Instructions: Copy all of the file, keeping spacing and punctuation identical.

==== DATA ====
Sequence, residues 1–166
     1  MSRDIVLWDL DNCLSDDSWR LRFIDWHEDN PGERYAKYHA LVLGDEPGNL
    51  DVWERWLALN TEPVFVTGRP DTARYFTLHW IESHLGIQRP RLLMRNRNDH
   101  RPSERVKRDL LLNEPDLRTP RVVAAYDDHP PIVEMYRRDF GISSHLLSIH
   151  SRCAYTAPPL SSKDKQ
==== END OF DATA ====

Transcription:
Sequence, residues 1–166
     1  MSRDIVLWDL DNCLSDDSWR LRFIDWHEDN PGERYAKYHA LVLGDEPGNL
    51  DVWERWLALN TEPVFVTGRP DTARYFTLHW IESHLGIQRP RLLMRNRNDH
   101  RPSERVKRDL LLNEPDLRTP RVVAAYDDHP PIVEMYRRDF GISSHLLSIH
   151  SRCAYTAPPL SSKDKQ